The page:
At the end of a speech in Southwest Virginia recently, Republican gubernatorial candidate John N. Dalton held up a piece of garden hose. That, he predicted, was all homeowners would have available to fight fire it public employees ware allowed to bargain collectively for their wages and working conditions.

"That's what you get, folks, when you have collective bargaining," he said. The prop has since disappeared from Dalton's reportoire, but the issue has not.

The issue of collective bargaining for public employees is so emotionally charged and complex that the positions of four of the six candidates running for statewide office this fall are convoluted.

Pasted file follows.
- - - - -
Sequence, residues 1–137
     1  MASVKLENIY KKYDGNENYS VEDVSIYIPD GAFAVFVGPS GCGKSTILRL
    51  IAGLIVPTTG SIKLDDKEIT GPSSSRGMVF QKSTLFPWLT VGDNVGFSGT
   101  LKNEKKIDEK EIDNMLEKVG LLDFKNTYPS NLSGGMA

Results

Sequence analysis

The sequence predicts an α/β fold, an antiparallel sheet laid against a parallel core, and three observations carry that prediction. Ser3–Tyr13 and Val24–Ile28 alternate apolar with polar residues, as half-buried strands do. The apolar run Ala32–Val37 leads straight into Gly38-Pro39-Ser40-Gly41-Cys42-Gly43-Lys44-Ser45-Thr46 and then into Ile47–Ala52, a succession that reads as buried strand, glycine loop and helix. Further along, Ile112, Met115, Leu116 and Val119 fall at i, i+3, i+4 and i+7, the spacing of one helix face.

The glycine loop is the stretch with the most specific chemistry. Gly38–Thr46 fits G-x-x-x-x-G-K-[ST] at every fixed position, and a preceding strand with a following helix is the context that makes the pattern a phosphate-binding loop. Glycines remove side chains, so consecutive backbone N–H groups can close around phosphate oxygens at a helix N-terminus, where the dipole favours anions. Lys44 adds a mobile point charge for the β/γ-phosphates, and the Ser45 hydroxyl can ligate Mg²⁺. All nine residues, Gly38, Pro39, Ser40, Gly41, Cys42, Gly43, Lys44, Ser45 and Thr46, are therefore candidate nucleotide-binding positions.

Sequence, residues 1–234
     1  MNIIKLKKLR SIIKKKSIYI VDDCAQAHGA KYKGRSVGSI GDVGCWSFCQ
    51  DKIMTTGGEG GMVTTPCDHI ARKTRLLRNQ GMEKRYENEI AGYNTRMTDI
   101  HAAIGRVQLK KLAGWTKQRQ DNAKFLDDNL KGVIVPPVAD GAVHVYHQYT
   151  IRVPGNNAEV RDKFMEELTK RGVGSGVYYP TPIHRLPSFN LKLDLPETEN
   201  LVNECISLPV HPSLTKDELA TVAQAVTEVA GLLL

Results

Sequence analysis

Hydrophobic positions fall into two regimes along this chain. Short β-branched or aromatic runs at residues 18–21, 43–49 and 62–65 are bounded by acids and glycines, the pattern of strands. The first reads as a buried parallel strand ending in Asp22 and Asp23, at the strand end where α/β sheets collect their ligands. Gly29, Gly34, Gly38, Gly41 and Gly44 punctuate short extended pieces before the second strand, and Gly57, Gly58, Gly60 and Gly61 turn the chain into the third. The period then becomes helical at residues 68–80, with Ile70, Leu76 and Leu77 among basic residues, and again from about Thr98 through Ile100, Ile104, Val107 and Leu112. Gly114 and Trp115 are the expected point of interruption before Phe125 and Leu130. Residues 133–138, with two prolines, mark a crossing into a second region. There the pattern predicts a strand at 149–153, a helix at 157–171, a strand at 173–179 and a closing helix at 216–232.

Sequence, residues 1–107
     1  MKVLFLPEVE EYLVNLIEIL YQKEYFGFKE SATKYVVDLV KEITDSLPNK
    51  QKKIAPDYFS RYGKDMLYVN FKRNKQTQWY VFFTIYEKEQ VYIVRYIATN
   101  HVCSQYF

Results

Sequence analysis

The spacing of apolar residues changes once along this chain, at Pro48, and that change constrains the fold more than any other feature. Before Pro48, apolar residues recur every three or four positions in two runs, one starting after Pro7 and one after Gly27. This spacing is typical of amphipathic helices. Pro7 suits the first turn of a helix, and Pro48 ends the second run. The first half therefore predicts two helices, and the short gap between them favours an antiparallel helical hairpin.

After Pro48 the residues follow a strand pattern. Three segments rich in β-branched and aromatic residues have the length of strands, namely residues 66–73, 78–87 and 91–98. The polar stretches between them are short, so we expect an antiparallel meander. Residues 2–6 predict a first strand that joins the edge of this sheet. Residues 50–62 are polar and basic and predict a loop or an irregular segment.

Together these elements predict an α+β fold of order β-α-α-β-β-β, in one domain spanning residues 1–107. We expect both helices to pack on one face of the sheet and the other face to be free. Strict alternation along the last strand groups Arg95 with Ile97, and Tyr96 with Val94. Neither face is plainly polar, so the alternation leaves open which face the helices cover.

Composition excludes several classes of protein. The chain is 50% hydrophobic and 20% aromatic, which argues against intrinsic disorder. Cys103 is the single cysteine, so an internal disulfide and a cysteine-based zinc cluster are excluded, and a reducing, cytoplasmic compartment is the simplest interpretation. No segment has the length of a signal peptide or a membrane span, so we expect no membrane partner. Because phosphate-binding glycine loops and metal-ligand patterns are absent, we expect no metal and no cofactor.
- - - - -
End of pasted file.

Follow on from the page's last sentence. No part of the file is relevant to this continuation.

"There's no candidate who would get up and say he's for public employees having collective bargaining," said Suzanne Kelly, chair of the Virginia Education Association's political action committee. "The public would freak."

For Dalton and Democrat Edward E. Lane, who is running for attorney general, the issue is simple. They are both against collective bargaining in any form.

For the other candidates, the issue is more sensitive, and the tangled skein of their statements at different times, the qualifieres, exceptions and round-about way of not saying anything that might be construed as liberal in a conservative state are confusing.

For example, every candidate says he is opposed to public employees going on strike and would not approve of legislation that gives public employees any bargaining rights unless a provision probihiting strikes is included. However, existing state law prohibits such strikes and says that anyone who strikes will be fired and not rehired for at least a year. Furthermore, no candidate, legislator or public employee representative has suggested this law be repealed.